In the early morning of the day that fills Ulysses, as they stand outside the Martello tower at Sandycove, Haines, the sentimental English celtophile with eyes sea-cold and imperial, tells Stephen Dedalus: “We feel in England that we have treated you rather unfairly. It seems history is to blame.” Stephen replies only with a wary silence, but history is much upon his own mind that day, like God and Shakespeare and his father. History in the large, universal sense, but more particularly the messy, contingent history of his own island. Later that morning, talking with an Ulster Protestant schoolmaster for whom that history has a very different meaning and color, he says, in words that would become memorable: “History is a nightmare from which I am trying to awake.”
And with those words, he set down an agenda for the succeeding century of Irish literature. At times it has been difficult to decide which has been the more nightmarish, the history or the struggle to awake from it. The world beyond—we readers—has attended to it, held in place, very much like Coleridge’s Wedding Guest, by the power of the tale told and by those special gifts of eloquence and verbal magic which it would be trite to comment upon, but which are surely aspects of that literature and products of its complicated history.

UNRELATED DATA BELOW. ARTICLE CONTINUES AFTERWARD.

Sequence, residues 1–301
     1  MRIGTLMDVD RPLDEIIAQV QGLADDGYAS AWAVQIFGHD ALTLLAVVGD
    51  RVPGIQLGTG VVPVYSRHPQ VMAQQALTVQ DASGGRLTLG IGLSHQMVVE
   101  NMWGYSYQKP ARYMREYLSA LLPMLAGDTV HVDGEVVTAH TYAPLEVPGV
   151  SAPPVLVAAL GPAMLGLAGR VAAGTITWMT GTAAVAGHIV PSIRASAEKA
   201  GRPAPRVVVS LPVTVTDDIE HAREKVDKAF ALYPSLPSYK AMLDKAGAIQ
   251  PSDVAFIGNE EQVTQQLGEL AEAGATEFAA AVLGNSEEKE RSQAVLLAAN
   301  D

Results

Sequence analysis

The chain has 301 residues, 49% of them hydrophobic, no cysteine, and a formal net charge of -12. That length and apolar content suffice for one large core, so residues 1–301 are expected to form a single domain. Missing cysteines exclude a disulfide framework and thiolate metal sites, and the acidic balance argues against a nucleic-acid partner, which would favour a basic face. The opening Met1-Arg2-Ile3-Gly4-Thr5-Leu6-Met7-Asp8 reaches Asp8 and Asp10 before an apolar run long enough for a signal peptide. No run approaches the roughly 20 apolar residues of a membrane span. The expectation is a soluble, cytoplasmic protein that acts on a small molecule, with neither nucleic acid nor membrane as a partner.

The three books here under consideration, two of them novels and one a memoir of sorts by a distinguished poet, offer variations on Stephen’s theme. Although all three have been written in the shadow of Northern Ireland’s recent three decades of violent history, they deal with it either by an almost theatrical obliqueness or else by a charged near silence. All three, although in very different ways, make use of this narrative strategy to point us to a central thematic concern—the shaping presence of history. Like Sherlock Holmes’s dog that did not howl in the night, we are directed to this concern by its silence upon the page.
Patrick McCabe’s Breakfast on Pluto is partly spoken and partly written by young Paddy “Puss” Braden, a transvestite prostitute, as he negotiates, or blunders, his way through a world of corrupt and sexually ambiguous politicians, queasily lustful parish priests, gunmen, and bombers, protected only by his cheekiness and his Candide-like innocence, and expressing himself either through his own demotic speech or through his improbable gifts of ventriloquism and pastiche. The narrative unfolds first in rural Ireland and then in a lurid London lit by strobe lights in discos and, on occasion, by IRAbombs. In either setting, Puss pays little attention to history of that sort, wrapped as he is in a cocoon of pink boas, dance hall chatter, and rock lyrics.
McCabe leaves us free to infer, if we are so inclined, that Puss’s psyche has been shaped in good part by the extremity of his circumstances; he is a bastard conceived by the frantic fumblings of a parish priest …
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